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1

The first rule of contracts is this: If you aren't comfortable signing something, DON'T SIGN IT. The second rule of contracts is this: If you aren't comfortable signing something without running it past your attorney first, RUN IT PAST YOUR ATTORNEY FIRST. The third rule of contracts is this: If your attorney is not an expert on the things you need to run ...


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I'm not a lawyer, so this should not to be considered definitive legal advice. You don't mention if there are license issues with the old code etc. So I'll assume they are proprietary. In general, all code, trademarks and IP would belong to the company A. That is what you were basically paid to do there. The knowledge remains yours, but may be subject to a ...


0

Both code and system design are subject to their own claims of copyright. And if you're intimately familiar with someone else's work, even a clean-room defense might not hold up in court. The simple fact is that there is no good easy answer to "how close can my hobby be to my work before I cross the line." Even if we switch the topic to something slightly ...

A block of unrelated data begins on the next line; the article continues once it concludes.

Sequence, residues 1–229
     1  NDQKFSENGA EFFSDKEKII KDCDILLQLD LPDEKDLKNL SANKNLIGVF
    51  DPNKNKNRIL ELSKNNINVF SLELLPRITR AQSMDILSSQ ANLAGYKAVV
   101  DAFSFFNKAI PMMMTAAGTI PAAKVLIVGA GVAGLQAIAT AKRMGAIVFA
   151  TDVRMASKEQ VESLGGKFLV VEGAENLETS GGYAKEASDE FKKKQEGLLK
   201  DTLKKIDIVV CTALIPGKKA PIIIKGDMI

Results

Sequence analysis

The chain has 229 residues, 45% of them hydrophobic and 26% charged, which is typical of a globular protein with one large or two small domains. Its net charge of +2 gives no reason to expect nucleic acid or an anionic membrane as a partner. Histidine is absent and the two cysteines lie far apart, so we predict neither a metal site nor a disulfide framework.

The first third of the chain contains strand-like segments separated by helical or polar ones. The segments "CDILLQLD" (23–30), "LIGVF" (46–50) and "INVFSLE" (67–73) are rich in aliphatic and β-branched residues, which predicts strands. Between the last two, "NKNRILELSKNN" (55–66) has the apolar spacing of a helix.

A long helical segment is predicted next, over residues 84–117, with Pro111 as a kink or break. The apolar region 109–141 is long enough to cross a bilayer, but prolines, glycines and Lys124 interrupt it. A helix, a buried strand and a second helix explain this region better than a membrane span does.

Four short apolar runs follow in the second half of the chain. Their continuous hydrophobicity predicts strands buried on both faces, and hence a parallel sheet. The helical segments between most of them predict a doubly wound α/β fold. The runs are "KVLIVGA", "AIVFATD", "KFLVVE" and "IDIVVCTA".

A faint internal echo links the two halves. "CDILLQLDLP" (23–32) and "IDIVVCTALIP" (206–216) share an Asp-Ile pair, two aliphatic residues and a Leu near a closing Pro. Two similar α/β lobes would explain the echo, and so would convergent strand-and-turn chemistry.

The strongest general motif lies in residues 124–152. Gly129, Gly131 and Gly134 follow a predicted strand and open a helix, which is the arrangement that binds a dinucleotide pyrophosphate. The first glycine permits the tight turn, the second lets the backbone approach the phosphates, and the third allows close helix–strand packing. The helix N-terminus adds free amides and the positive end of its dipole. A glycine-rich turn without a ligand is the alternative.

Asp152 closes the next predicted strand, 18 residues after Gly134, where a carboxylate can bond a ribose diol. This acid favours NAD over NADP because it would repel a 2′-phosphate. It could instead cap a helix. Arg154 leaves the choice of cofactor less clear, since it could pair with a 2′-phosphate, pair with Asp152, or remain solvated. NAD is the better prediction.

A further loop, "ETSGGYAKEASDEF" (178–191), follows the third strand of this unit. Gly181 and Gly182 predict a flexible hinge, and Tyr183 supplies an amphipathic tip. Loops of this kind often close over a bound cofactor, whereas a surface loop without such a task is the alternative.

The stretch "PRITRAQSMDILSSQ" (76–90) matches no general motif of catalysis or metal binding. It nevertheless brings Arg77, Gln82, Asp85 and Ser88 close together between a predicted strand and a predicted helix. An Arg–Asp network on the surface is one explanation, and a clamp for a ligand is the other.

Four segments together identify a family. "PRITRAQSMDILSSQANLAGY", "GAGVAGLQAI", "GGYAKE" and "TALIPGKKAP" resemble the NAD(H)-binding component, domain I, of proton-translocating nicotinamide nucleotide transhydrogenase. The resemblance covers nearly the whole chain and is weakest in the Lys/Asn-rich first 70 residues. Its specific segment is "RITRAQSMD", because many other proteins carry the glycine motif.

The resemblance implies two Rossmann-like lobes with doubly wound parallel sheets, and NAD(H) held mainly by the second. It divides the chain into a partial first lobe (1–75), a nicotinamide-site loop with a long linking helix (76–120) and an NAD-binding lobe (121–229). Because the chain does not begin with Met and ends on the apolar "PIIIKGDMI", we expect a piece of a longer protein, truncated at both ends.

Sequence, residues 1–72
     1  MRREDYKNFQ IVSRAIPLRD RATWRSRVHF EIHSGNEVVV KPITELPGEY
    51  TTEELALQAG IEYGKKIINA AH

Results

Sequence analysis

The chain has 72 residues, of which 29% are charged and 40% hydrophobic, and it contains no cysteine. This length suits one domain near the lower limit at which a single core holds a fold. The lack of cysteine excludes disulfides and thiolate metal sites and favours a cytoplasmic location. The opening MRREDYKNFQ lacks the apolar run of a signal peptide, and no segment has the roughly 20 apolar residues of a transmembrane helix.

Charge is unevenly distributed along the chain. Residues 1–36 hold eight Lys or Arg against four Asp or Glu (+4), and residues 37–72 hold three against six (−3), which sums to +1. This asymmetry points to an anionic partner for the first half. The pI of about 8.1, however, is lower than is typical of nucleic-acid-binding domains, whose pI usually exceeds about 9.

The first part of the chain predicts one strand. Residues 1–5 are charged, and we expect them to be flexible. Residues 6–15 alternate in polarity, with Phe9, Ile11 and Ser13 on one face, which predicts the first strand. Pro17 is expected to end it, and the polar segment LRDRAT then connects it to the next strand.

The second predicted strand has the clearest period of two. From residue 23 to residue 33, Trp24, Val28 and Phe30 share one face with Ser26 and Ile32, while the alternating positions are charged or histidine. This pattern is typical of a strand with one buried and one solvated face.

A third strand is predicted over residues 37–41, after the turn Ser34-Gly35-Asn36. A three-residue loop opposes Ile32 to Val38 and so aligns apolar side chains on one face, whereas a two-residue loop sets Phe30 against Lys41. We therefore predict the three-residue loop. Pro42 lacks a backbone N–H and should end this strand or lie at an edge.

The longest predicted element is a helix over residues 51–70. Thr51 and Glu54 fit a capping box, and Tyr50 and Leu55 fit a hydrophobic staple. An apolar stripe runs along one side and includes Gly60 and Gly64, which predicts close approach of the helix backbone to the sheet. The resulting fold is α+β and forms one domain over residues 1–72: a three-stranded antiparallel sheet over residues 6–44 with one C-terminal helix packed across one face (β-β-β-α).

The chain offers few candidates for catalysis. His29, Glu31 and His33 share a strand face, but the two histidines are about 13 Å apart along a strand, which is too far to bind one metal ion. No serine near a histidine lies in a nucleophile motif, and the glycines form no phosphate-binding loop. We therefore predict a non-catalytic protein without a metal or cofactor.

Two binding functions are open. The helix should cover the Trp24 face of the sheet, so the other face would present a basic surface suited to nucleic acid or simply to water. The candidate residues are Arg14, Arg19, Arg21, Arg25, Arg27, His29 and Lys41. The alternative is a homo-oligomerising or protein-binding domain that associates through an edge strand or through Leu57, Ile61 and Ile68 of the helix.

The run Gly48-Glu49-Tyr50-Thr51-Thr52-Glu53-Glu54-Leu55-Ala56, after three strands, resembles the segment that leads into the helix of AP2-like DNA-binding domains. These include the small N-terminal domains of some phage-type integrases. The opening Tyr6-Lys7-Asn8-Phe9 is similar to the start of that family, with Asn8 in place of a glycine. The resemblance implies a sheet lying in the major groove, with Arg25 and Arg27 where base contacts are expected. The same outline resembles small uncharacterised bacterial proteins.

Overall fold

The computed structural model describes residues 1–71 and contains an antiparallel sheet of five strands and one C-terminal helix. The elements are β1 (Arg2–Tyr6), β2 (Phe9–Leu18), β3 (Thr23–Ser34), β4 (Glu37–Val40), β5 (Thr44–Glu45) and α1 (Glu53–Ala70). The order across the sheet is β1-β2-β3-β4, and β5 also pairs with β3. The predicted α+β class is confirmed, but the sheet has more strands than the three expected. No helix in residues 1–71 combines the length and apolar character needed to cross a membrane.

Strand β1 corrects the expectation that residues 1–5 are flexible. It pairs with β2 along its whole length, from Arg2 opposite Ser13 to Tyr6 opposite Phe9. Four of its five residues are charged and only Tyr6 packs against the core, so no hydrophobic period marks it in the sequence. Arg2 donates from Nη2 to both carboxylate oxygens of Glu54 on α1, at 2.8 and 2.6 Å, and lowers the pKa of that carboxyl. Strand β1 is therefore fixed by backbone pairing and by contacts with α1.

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Even if you did not copy code between the two projects - at least not intentionally - if your employer gets to know about the issue, he might impute this to you. And can you be 100% sure you did not copy anything unintentionally? Given someone runs a compare tool on both source codes, can you be sure he will not find parts for which it might be debatable ...


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Ideas can not be copyrighted. Only specific implementations of an idea fall under copyright. But ideas can be patented. Patents on software are not valid in all jurisdictions, so when the idea happens to be patented you might still be able to distribute your software in some parts of the world but not others.


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The MIT license allows relicensing of the material and does not require that it be under the MIT license. Software without restriction, including without limitation the rights to use, copy, modify, merge, publish, distribute, sublicense, and/or sell copies of the Software, and to permit persons to whom the Software is furnished to do so, subject ...


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If you create you program so that it loads the image at run-time (it is not linked): the user of the program must be able to change the image (customisation), if not then it is linked. Then the program should not be affected, it would be like an image viewer, it is not affected by the images that it views. I am not a lawyer. Please read the licence, and ...


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The basic question is: does your code, or the creation of it, in any way rely on that particular image. If you somehow derived your code from the image, then your code would be a derived work and you would have to publish your code under the CC-BY-SA license. However, and this is more usual, if the image is just something that gets displayed in the context ...



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